Opinion | Let’s protect individual’s ‘inviolate personality’
Snooping on the private lives of its citizens and intruding into spaces till now considered sacrosanct is not the right of any government, irrespective of its political leanings
First came the ham-handed notification authorizing selected agencies to intercept, monitor and decrypt any information generated, transmitted, received or stored in any computer resource. Then, following a massive uproar, came the government’s weak defence—there was nothing new in the executive order as it had existed in the books since 2009. Notwithstanding these clarifications issued post-haste by the government, the issue of the private lives of citizens being placed under state surveillance is now squarely in the public domain. It is true that the Congress-led UPA did pass several draconian laws like Section 66A, which dealt with penalties for sending offensive messages, and the offending act, Section 69. The mystery is why the Modi government felt the need to restate this as it was already on the books. Was it a veiled threat to some people about actions to come, adding grist to the mill that the BJP, pushed to the wall by recent poll reverses, would target opposition leaders in the run up to the elections next year? What is equally mysterious is why, if security is the dominant motif of the order, the Central Board of Direct Taxes is included in the list of authorized agencies.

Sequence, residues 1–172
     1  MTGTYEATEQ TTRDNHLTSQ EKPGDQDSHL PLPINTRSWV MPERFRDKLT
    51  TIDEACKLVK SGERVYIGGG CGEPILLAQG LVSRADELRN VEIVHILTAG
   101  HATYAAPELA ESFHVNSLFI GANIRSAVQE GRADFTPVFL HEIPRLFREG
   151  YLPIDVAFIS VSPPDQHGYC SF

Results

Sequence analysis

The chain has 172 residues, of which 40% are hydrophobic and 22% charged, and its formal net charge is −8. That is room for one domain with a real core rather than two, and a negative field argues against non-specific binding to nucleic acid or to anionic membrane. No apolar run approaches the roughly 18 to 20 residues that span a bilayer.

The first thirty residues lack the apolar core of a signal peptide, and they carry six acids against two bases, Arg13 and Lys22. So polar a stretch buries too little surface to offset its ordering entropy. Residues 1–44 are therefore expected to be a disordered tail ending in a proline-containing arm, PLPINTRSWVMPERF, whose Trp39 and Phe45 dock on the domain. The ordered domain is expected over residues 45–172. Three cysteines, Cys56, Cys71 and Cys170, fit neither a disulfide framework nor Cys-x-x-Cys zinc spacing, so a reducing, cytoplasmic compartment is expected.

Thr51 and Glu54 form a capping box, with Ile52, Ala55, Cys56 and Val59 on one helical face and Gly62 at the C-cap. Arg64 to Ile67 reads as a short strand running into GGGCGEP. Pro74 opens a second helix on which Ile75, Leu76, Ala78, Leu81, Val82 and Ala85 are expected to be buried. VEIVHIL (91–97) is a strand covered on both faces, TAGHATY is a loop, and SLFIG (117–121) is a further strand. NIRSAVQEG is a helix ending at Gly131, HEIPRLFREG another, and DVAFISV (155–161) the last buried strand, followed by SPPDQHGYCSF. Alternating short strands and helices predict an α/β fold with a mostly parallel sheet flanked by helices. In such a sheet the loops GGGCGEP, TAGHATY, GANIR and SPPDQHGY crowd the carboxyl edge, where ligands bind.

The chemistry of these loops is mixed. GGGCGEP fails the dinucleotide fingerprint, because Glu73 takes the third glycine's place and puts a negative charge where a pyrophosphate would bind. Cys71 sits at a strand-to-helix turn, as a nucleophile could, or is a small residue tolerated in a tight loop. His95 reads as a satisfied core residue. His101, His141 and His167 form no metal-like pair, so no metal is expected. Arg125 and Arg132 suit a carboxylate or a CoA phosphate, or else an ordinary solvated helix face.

But this is all quibbling over semantics, for the real issue is that governments, irrespective of their political dispensation, have over the last few decades intruded into spaces that were hitherto considered sacrosanct. Samuel Warren and Louis Brandeis, the two Boston lawyers who first articulated the idea of a right to privacy, in their original law review article published in December of 1890, described it as one which embodied protections for each individual’s “inviolate personality”. “The common law secures to each individual the right of determining, ordinarily, to what extent his thoughts, sentiments, and emotions shall be communicated to others,” they argued.
In the name of security and safety, governments across the world have upended this original definition with all kinds of caveats, progressively diluting this inviolable space. Yet, never before has the individual been more vulnerable. In the information age, digital networks now have a stranglehold on data that lays bare every human being rendering her life in its minutest detail. We are now part of what dotcom entrepreneur and author John Battelle dubbed in 2003 “the database of intentions”. Battelle explained that as “the aggregate results of every search ever entered, every result list ever tendered, and every path taken as a result... This information represents, in aggregate form, a place holder for the intentions of humankind—a massive database of desires, needs, wants, and likes that can be discovered, subpoenaed, archived, tracked, and exploited to all sorts of ends.” If that sounds like Orwell’s 1984 in 2018, it is because we have let governments and its agencies take complete control of our digital footsteps. Instead of allowing the debate over the notification to lapse into a BJP versus Congress controversy, it is important to push for a privacy regime configured to protect the civil liberties of citizens against the government.
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